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Kidnapping, Unlawful Restraint and Smuggling of Persons

Texas law defines the unlawful restraint of a person as an act intentionally or knowingly taken which restrains another person. Under Texas law restraining someone can mean a number of different things including: restricting a person’s movements without their consent to an extent that it substantially interferes with that person’s liberty, by moving a person from one place to another without their consent, or by confining the person to specific area or place. Unlawful restraint is usually charged as a Class A misdemeanor except in certain special circumstances:

Third degree kidnapping is defined under Texas law as the act of intentionally or knowingly abducting another person. According to Section 20.03 of the Texas Penal Code, however, an affirmative defense to these charges can be made if the individual abducted was a relative of the defendant and if no threat of deadly force was implied or made during the incident. This can be the case in non-custodial parental abductions and other kidnapping cases in which family members abduct children without force or threat of violence.
Second degree kidnapping cases may involve ransom demands, use of the victim as a shield or as a hostage, or may result as part of other felonious activities. If hostages or captives are not harmed and are released voluntarily in a safe place, however, the kidnapping offense is considered a second degree felony rather than a first degree felony.
First degree kidnapping charges are brought against individuals who take hostages, hold individuals or groups for ransom, use force or terroristic threats to enforce their will on others, or kidnap individuals to disrupt government and political events or to aid in their escape during or after the commission of a felony or felonies.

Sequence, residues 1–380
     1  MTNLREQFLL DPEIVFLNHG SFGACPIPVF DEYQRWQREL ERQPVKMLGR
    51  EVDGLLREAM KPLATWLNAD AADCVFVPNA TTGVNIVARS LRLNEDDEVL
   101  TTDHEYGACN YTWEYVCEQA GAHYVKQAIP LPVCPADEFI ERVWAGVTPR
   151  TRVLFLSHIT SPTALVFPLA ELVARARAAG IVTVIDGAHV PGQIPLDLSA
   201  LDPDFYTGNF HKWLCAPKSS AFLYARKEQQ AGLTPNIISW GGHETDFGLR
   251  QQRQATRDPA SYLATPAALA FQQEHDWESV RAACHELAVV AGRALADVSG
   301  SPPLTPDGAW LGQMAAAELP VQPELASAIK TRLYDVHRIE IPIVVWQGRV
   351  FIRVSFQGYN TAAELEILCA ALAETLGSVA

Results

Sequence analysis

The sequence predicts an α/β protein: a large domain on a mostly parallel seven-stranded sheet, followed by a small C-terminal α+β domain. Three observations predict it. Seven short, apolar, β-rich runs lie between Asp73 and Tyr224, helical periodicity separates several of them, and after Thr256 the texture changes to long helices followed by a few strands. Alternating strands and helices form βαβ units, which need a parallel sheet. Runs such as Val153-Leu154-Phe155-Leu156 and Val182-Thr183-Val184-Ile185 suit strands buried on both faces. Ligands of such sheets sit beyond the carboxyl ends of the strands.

Unlawful restraint is usually a lesser offense that is charged as a class A misdemeanor except in certain special circumstances:

If the victim was under 17, Texas law considers the offense a state jail felony.
If the victim was a public servant and was restrained during the performance of his or her duties, the resulting charge will be for third degree felony unlawful restraint.
If the victim was endangered and threatened with bodily injury while restrained, the offense is considered a third degree felony.
Texas law defines the smuggling of persons as transporting someone with the intent to conceal that person from law enforcement officials. Smuggling of persons is a state jail felony unless it was committed for financial benefit or the there was a likelihood of serious bodily injury or death which is a third degree felony. These charges do not typically apply in cases of non-custodial parent or guardian abductions.

If you have been arrested for or charged with kidnapping, unlawful restraint or smuggling of persons, obtaining help from a Houston criminal defense attorney immediately can help you preserve your rights and avoid missteps that can seriously damage your case. Matthew Gallagher is an established Houston criminal attorney with experience defending criminal cases such as these. Matthew Gallagher will provide you with the expertise, support and guidance you need to navigate the difficult situation you are facing.